A Minute with Mike: Candidates, change your name for the win
Perhaps it’s already spread to your corner of Michigan: those aggravating, irritating, nauseating and much repeated political advertisements. Yup, yet another election year.
And with five people on the U.S. Supreme Court declaring a stack of cold, hard cash is not money but free speech, we Michiganeers are about to get an ear and eye-full for the duration of 2018.
Now, as much as we might collectively hate political ads, commercial television and radio stations and websites love it. It’s the equivalent of the Christmas season, with the role of Santa Claus played by political action committees.
So I’ve come up with a solution for candidates to save money and voter aggravation by not buying advertisements.
It’s the power of name recognition. And if you think having a good last name doesn’t mean anything, just ask every judge with an Irish-sounding name who no one knows but is continually elected.
So here is the solution… cough… are you ready, candidates?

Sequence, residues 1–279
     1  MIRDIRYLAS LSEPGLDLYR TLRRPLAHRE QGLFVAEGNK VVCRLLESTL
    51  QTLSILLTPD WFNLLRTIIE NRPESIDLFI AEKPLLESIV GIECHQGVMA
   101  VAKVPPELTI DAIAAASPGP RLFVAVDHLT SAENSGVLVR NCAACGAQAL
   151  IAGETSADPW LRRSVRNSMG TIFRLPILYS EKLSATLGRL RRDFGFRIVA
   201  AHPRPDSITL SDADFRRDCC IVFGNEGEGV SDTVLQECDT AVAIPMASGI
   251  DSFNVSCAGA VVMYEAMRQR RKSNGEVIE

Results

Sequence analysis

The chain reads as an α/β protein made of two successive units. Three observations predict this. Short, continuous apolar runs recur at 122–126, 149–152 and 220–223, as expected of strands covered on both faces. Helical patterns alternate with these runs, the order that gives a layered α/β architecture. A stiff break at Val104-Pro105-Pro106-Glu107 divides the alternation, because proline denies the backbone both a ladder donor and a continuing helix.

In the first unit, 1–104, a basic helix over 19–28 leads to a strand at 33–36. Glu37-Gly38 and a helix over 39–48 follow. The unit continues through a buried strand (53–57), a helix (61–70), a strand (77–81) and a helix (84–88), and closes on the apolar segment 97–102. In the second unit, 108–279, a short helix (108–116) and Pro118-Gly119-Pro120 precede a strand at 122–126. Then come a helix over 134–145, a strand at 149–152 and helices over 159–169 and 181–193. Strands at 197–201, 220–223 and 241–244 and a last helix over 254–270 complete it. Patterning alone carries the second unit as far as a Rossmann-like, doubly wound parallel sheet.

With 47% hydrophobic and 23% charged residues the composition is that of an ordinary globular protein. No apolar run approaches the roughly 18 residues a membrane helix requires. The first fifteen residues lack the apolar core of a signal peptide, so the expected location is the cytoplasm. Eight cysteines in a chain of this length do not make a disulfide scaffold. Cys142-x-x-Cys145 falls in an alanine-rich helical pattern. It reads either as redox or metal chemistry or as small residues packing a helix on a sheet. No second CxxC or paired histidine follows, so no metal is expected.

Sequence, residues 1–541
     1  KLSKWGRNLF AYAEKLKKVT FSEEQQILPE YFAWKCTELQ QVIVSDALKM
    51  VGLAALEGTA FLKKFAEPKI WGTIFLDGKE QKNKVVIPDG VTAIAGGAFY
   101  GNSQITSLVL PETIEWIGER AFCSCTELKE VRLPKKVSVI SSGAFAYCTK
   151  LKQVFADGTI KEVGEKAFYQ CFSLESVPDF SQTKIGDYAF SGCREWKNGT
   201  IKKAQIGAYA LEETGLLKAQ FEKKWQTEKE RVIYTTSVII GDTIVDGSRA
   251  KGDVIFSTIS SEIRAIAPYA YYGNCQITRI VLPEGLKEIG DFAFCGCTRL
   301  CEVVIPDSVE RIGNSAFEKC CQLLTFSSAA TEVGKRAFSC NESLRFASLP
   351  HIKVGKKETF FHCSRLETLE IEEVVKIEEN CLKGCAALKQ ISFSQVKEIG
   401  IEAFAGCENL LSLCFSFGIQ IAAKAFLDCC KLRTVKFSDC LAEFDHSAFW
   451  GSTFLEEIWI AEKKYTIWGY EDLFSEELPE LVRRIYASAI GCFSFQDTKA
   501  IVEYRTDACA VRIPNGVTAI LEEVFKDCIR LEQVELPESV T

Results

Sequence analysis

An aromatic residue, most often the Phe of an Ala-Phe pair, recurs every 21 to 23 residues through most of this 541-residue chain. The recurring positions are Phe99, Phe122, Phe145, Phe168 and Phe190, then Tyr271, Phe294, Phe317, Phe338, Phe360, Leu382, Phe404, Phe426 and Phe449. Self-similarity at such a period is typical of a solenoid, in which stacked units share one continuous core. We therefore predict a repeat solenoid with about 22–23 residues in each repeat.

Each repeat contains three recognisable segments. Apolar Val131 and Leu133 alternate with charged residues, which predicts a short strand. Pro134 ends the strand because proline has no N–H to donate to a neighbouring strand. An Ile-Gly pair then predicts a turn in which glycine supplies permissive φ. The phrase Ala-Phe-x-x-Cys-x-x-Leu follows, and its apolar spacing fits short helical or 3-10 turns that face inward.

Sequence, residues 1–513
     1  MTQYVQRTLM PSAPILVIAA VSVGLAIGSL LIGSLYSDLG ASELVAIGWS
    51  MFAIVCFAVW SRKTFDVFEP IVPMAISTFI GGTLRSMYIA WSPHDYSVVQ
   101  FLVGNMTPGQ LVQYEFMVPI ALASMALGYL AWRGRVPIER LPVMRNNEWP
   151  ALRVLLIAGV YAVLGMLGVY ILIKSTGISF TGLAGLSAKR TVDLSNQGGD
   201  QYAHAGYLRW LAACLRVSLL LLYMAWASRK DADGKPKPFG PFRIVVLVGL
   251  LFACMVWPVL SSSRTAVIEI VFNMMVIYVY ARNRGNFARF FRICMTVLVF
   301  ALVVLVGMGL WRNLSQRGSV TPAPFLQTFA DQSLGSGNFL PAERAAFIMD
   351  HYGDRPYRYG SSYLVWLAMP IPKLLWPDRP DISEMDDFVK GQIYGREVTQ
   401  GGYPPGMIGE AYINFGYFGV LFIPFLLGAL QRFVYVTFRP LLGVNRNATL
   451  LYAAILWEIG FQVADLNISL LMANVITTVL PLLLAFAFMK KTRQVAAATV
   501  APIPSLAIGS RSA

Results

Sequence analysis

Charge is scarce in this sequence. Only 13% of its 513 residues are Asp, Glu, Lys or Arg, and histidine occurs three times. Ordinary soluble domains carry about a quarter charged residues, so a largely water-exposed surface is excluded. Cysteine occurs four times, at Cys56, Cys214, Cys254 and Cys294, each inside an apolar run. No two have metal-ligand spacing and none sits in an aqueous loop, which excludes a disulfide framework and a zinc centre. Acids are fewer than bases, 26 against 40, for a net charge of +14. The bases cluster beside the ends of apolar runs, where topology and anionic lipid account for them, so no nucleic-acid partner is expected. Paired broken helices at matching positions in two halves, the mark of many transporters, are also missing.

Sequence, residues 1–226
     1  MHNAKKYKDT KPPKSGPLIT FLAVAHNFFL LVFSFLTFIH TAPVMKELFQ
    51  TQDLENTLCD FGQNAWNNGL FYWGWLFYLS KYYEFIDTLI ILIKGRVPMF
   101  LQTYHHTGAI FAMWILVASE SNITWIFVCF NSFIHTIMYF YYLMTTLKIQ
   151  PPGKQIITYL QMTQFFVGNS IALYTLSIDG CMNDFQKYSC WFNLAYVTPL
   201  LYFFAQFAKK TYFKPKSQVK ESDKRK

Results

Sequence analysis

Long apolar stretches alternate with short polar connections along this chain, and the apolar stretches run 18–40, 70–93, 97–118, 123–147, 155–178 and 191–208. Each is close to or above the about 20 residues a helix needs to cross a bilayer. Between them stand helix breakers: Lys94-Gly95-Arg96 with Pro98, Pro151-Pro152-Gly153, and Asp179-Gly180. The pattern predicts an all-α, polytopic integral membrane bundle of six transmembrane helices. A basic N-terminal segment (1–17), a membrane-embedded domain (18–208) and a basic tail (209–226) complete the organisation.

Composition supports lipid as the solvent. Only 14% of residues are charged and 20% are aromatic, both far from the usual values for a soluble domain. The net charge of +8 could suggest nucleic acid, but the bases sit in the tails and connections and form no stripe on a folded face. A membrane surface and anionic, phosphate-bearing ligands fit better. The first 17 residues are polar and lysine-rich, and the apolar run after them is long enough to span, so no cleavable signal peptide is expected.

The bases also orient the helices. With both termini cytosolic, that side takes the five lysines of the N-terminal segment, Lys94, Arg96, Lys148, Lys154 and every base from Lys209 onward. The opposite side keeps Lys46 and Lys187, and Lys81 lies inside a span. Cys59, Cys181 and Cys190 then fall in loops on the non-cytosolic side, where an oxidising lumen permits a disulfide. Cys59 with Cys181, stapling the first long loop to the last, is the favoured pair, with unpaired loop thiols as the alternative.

Change your last name to the state, county, city, village, township or region you are attempting to represent.
For example, if I was running for governor, I would change my last name to Michigan. Then I could say with some truth-iness: “Vote Mike Michigan. A vote for my opponent is a vote against Michigan.”
And this technique works for most offices, mayors in particular. A candidate with the name Al Pina would certainly win in Alpena. Like-wise Barry Bad Axe, Oprah Owosso, Kelly Mazoo, Winona Wyoming, and Ethel Ecorse could win in their respective cities.
This practice could even be applied to specific offices. I’d be willing to bet a couple of taxpayer-funded sports venues that a seat on the State board of education could be won if a candidate changed their name to Eddie Cation.
(SFX sad trombone)
So to sum it up, dear candidates, save your potential constituents the nearly year-long agony of being bombarded by political ads and your money.
Just change your name, and you could win.